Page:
Did cut-and-sew projects make their way onto your 2019 resewlutions list? If so, you’re in for a treat because the expert of cute and cuddly cut-and-sews, Choly Knight, is stopping by the blog to share how to make the newest project added to her Spoonflower shop, a penguin plushie. Choly’s plushie comes in four different colorways which means there’s four times the fun when you order the project on one yard of Minky! This giftable project is easier than you might think thanks to the simple sewing required but don’t take our word for it – give the project a try below.
Choly: Hello any lovers of cute things out there! Being in the middle of winter I have the insatiable urge to surround myself with warm cuddly things. I’ve got cocoa and blankets checked off the list, so all that’s left is something cute to keep me company. That’s where these tiny penguin plush toys come in! These little birdies aren’t fazed by the cold. They have sweet smiling eyes and a belly-down pose so they’re ready for any impromptu ice sliding. The hand-held size means they’re perfect for little ones to enjoy, but they’re just as comfortable lounging on a desk or couch as well.
My designs tend to focus on projects that are a few notches above complete novice, so if you’d like to learn about darts, 3D shapes, and curved sewing, follow along! This cut & sew kit makes a penguin that’s about 4” tall, 5” wide, and 6” long.
You don’t need a lot beyond the basics for this little baby! Some scissors, thread, and needles are a must. It’s not necessary to have a sewing machine, but it’s a big help. Lots of pins are good for holding slippery fabrics like Minky. A chopstick is nice for turning tiny and pointy fabric shapes. And of course you’ll need stuffing to bring your penguin to life!
Penguin Plush Materials
- 1 fat quarter or 1 yard of Minky featuring Cut-and-Sew Penguin Plush Bundle*
- Rotary cutter or fabric scissors
- Sewing machine
*Make four penguins with the one yard design or one penguin with the fat quarter design. Shop the penguin collection here.
1. Choose your Fabric
Begin by assessing your fabric. The project fits on a fat quarter of Fleece or Minky. I like these fabrics the best because they’re ultra fluffy and stretch just a little bit. The plush projects turn out round and squishy.
The project has all the pieces labeled with extra notes for guidance. Seam allowances are already included, so just cut along the dotted line.
2. Cut Out Your Fabric
Cut out and pair up all your pattern pieces. You should have the following pieces when you’re done:
- 4 feet
- 4 wings
- 2 beaks
- 2 bodies
- 1 face
- 1 belly
Pro tip: When cutting out your pattern, cut out the labels and pin to the corresponding pattern pieces.
3. Sew Your Penguin Wings, Feet and Beak Together
Match up the white wing pieces with the colored ones. Sew them along the curved edges (¼” seam allowance), but leave the straight edges unsewn. Clip the corners and curves and turn the pieces right side out. Repeat with the feet and beak.
4. Sew the Darts
The little triangular wedges you see on the face and body pieces are darts. Fold them along the point so the slanted lines match up. Then sew the darts by starting at the opening and curving into the folded edge. If you get a really smooth transition, your finished plush face will look nice and round!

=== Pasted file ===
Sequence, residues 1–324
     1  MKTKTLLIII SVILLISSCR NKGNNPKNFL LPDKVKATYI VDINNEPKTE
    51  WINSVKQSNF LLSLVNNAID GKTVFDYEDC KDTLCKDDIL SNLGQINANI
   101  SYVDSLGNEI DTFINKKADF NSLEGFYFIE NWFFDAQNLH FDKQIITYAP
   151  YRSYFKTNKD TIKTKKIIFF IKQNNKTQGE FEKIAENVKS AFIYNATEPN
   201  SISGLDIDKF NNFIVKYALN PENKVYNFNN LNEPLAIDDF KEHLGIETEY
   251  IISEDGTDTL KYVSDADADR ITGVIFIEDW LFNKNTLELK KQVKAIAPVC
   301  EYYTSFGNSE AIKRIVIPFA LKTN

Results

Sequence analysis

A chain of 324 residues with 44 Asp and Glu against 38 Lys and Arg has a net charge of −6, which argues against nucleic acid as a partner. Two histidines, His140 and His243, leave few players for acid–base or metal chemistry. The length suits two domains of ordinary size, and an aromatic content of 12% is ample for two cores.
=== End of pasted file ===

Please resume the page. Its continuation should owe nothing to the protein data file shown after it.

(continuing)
5. Attach the (Happy) Feet
Baste the feet to the body so they don’t get lost in future steps. The body has a little colored band along the edge that shows where to place each foot.
6. Sew the Body Pieces Together
Next, sew the two body pieces together along the tail edge. Make sure to leave a 2″-3″ opening to turn the whole penguin right side out in a later step.
Here’s where things get a little tricky. The edge of the body (without the darts) is sewn around the top edge of the face. You’ll know you have things right if the body seam matches up with the top dart on the face. Use lots of pins here to help get the curve just right.
When you’re done, you should have the whole top part of the body! This leaves a spot to baste the wings right beside the feet from before. Keep the white side facing up so it matches the belly later.
7. Attach the Belly to the Body
This is the trickiest part, but also one of the last steps. You’re nearly there! The open edge of the body is sewn all around this oval. To keep things aligned right, the face dart should match up with the tiny triangle notch on the belly piece. The back seam matches up with the circle marking.
Pin them together all the way around and sew along this oval.
8. Stuff the Penguin
Turn your little penguin right side out and stuff it through the opening in the back. Stuff it until it looks nice and round and there are no more wrinkles in the fabric.
Once your penguin has achieved optimum pudginess, sew the opening closed with a ladder stitch (also known as a slip stitch or invisible stitch, depending on your sewing circles).
9. Attach the Beak
Stuff the beak with a small amount of stuffing and then get a hand sewing needle ready. Sew a long running stitch around the opening of the beak and pull at the thread to cinch it up tight. Now you can place this over the face of your penguin.
There’s a faint gray circle printed right on the fabric to help you place it. Ladder stitch the beak to the face and your penguin is complete and ready for snuggles!
About the Guest Blogger
Choly Knight is a sewist, designer, and lover of all things kawaii. Her goal is to help others learn skills that will fill the world with more creativity, leading to a cute global takeover. She shares free tutorials and sewing patterns on her main blog, cholyknight.com. See more of Choly’s work over on her Instagram feed.